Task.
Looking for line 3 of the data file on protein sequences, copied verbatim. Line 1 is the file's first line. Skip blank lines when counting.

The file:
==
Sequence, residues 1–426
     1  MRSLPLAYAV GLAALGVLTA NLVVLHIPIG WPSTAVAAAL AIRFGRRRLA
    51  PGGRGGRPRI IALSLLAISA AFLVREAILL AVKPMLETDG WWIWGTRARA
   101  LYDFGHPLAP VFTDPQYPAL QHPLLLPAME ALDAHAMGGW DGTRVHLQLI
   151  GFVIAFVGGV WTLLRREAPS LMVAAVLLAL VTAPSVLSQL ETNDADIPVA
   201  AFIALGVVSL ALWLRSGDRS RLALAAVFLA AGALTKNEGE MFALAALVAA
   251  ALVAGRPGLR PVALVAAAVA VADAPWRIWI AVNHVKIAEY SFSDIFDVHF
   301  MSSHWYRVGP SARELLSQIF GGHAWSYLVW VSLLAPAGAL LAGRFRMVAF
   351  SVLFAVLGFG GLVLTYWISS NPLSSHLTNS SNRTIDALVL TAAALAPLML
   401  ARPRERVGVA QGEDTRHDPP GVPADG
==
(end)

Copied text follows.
    51  PGGRGGRPRI IALSLLAISA AFLVREAILL AVKPMLETDG WWIWGTRARA